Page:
Parliament and Ministers give a "Thumbs Up" to the 2nd Package of Single European Sky legislation!

As European Parliament elections loom and the change of the college of Commissioners becomes imminent, there was a sense of urgency to approving the SES II Regulation package in the Council of Ministers and the current Parliament. The SES II package was 'rushed' through the Parliament's approval process and notwithstanding the tight deadlines, it was endorsed. The national transport ministers followed on 30 March by confirming their political agreement at the Transport Council.

This package reinforces the Single European Sky, making the European Aviation Safety Agency (EASA) responsible for the safety of the total aviation chain and boosting the implementation of new technologies. These measures will also save the airlines around 4 billion Euros. Furthermore, the adoption of the ATM Master Plan provides an ambitious work programme for Europe to lead global innovation in ATM.

Specifically, the SES II package now provides binding performance targets for air navigation service providers, a European network management function and further integration of air navigation service providers (known as Functional Airspace Blocks). Also, EASA will have to ensure that common safety rules are applied in all phases of flight.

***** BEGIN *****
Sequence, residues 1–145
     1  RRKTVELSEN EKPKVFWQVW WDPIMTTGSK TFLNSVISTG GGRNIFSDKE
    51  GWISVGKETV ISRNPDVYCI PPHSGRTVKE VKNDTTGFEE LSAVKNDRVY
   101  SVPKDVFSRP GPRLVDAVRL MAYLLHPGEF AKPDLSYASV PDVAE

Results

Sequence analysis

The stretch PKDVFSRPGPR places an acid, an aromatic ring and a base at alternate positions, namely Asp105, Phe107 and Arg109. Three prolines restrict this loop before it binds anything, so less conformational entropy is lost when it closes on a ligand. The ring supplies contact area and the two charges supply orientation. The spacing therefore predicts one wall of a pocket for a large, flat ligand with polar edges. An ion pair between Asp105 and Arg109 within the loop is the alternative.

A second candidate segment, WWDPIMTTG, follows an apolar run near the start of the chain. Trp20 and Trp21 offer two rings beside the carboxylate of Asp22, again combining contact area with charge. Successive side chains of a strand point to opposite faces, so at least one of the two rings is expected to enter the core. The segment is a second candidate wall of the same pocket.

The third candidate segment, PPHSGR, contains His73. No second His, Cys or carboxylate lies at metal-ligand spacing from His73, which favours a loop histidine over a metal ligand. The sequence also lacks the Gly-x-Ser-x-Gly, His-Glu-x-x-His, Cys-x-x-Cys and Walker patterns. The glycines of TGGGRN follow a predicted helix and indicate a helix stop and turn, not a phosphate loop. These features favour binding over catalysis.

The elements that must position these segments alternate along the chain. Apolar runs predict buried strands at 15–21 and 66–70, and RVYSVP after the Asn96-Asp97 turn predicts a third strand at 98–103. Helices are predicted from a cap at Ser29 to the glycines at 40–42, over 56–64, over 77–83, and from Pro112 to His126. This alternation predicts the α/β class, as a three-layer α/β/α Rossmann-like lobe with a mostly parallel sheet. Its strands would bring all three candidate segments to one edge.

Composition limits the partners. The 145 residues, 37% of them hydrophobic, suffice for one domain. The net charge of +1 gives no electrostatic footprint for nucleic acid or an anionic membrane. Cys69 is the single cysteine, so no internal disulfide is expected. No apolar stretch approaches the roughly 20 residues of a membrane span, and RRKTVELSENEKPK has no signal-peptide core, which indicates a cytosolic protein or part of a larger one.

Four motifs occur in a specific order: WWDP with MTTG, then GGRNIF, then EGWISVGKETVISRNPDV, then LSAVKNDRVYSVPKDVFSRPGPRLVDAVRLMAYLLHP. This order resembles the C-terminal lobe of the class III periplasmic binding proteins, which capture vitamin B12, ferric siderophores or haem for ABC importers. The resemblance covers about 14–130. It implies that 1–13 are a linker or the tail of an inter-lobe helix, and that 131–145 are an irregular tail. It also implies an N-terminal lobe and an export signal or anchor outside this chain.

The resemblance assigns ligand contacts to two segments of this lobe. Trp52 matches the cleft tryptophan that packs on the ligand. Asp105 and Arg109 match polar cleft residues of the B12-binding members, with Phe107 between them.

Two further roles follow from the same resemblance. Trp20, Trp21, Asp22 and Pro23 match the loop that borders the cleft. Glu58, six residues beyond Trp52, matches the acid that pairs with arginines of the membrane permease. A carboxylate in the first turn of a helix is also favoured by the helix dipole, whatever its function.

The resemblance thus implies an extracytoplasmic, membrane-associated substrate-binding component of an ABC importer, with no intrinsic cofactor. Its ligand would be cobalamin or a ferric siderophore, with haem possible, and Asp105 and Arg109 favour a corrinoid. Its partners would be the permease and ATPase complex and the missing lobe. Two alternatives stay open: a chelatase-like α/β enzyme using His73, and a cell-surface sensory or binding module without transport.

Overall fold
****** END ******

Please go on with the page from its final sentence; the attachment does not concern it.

Airport capacity issues will be tackled addressing runway shortages, better coordination of airport slots with ATM as well as looking at how to fully integrate airports in the aviation network. Environmental issues are now placed at the core of the ATM system with a target to reduce greenhouse emissions by ten percent, saving 2.4 billion Euros/year for airspace users. However, perhaps the most interesting new development is the statement, annexed to the SESII Regulation, to involve staff in the implementation of the package, including measures to improve incident reporting mechanisms.

For pilots, SES II means that in the next 10 years there will be changes to the operation. Increased use of datalinks, deployment of new surveillance technologies and the introduction of airborne separation assistance systems (ASAS) will bring new procedures. This all means significant change, which needs to be carefully managed through a coordinated industry/institutional approach.

ECA welcomes this new Regulation. It promises safer skies, harmonised rules and interoperable equipment in Europe and beyond. ECA has repeatedly underlined the importance of the EU adopting all the ICAO key performance indicators to avoid lack of global harmonisation and increased fragmentation. But above all, in Europe, reliable safety indicators and targets are missing. Europe needs to create robust legislation protecting reporters and information in order to achieve a safe system. ECA will address this issue with vigour over the coming years.